T: My mom would always make pineapple soup for my dad and we would all eat dinner together. This soup reminds me of him and his love for sweet and sour flavors. This dish really brought our family together and I remember my dad every time I have it. Don’t let the pineapple throw you off, this soup is light and refreshing and reminds me of a dish called Sinigang (a sour soup with pork and vegetables native to the Philippines - my fiancé is Filipino).

W: Teena introduced us to pineapple soup at Phnom Penh Noodle House a few weeks ago, and we all fell in love with it (we highly recommend ordering the Samlaw Machou). For our July menu we will be serving an inspired version of this Pineapple Sweet & Sour Soup with a Green Papaya Side Salad to make it a true Teena x Westerly fusion. We’re also adding pickled vegetables into the mix as one of the toppings. Why pickled vegetables?

T: I grew up with pickled vegetables as a staple side, so I wanted to infuse these flavors into a Westerly salad and thought it would pair perfectly with the pineapple soup.

W: What's a classic breakfast you grew up eating?

Bo Ne is fast and easy and traditionally served with a side of baguette. This is inspired by the Vietnamese version of bacon and eggs, popular as a staple street food and a classic breakfast my mom would make before school. When I was younger, I often wondered what other kids had for breakfast before school, and now I’m sharing a version of my breakfast with you.

W: What is a dish that you can eat no matter what?

T: I grew up eating vermicelli bowls - it's such a versatile dish. You can add whatever toppings you want and decide if you want to keep them separate or mix them all together. It can be served hot or cold and is my go-to for a light but hearty lunch.

W: We’ve created a Westerly salad inspired by the vermicelli bowl with a house-made vegan ‘fish’ sauce and a mix of cabbage and other leafy greens instead of romaine to bring you this season’s freshest produce. The house-made vegan ‘fish’ sauce was created using nori, tamari, and other ingredients to give it that umami profile.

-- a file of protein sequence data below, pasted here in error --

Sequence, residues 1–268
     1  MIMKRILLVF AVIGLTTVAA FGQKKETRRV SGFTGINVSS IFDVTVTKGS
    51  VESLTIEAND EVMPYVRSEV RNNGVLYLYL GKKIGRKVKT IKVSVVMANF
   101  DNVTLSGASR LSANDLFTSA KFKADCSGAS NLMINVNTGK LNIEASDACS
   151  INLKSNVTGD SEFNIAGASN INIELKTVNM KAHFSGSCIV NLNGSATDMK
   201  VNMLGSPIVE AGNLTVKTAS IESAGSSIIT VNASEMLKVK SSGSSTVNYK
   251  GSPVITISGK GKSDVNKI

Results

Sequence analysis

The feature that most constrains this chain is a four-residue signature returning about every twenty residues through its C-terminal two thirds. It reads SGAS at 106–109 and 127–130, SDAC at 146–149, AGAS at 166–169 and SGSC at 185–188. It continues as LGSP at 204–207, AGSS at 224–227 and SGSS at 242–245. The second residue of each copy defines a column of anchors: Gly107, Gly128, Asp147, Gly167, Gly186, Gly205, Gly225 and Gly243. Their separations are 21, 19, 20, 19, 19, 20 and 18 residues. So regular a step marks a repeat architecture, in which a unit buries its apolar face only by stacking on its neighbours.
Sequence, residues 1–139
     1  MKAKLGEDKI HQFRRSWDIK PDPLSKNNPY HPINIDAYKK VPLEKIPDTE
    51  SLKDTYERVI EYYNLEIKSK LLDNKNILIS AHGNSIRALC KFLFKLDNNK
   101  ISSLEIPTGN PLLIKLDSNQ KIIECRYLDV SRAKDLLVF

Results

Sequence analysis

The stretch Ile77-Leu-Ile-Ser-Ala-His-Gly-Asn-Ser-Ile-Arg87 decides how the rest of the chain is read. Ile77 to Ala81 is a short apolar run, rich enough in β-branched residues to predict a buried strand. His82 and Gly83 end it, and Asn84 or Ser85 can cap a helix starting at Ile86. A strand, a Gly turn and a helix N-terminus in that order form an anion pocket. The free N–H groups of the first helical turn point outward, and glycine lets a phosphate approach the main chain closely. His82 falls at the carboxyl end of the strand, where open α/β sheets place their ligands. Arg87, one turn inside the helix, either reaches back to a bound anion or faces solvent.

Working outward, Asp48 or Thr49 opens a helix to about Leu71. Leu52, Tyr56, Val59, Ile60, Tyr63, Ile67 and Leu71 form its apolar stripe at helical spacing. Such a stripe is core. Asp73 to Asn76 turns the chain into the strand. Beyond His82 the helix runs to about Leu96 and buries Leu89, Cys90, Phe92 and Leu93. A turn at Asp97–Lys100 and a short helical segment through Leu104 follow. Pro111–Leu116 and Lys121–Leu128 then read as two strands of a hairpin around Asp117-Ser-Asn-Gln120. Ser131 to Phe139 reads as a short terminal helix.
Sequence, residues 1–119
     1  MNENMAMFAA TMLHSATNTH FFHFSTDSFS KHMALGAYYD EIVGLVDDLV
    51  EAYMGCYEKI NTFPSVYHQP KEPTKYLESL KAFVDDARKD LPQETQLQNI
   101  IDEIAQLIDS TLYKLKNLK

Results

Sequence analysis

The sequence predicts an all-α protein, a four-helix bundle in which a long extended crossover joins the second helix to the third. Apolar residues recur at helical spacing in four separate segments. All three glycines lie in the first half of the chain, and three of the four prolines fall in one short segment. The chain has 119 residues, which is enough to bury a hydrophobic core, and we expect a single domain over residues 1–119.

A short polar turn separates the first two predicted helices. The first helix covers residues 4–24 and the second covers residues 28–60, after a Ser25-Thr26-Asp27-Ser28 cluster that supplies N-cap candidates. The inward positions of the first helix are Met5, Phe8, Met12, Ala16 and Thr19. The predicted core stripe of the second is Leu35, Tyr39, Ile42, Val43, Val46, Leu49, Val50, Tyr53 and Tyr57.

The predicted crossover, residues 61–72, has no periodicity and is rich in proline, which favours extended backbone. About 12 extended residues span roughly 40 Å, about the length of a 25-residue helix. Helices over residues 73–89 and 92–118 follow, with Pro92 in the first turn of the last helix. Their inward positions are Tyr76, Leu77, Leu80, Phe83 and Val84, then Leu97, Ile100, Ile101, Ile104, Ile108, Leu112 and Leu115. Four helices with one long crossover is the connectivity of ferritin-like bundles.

T: I’m happy to say that the fish sauce holds up. It’s not easy to replicate that flavor without fish but after a few tastings, Chef Corbin got it. We landed on a perfect Westerly x Teena vegan ‘fish’ sauce. 

W: Is there a dish that your family makes for special occasions? Celebrations?

T: I remember growing up eating beef stew as a hearty and warm celebratory soup, made for family gatherings big and small.

W: Speaking of special occasions, is there a dish that brings you back to any traditional festivals?

T: Growing up, I was always so excited to go to the temple during Cambodian New Year because they would have Ko Jakak skewers available to eat. This dish reminds me of all the Cambodian New Year celebrations I’ve shared with friends and family.

W: Our collaboration wouldn't be complete without at least one dessert... What's your favorite?

T: Mango sticky rice! Mango sticky rice is my favorite dessert. The lightly sweetened coconut sticky rice and mango are the perfect balance and blend of flavors to end every meal.

W: Thank you so much for sharing these memories and meals with us, Teena. We can’t wait to share them with everyone this month!


Everyone at Westerly has been so inspired by Teena’s mission, work, and genuineness. It's been an honor to work with her and learn more about her story. We hope that our Teena-inspired meals will give you a taste of Teena’s childhood and inspire you to try some of the Cambodian and Vietnamese restaurants in Seattle.

Teena's Favorite Cambodian Restaurants

Teena's Favorite Vietnamese Restaurants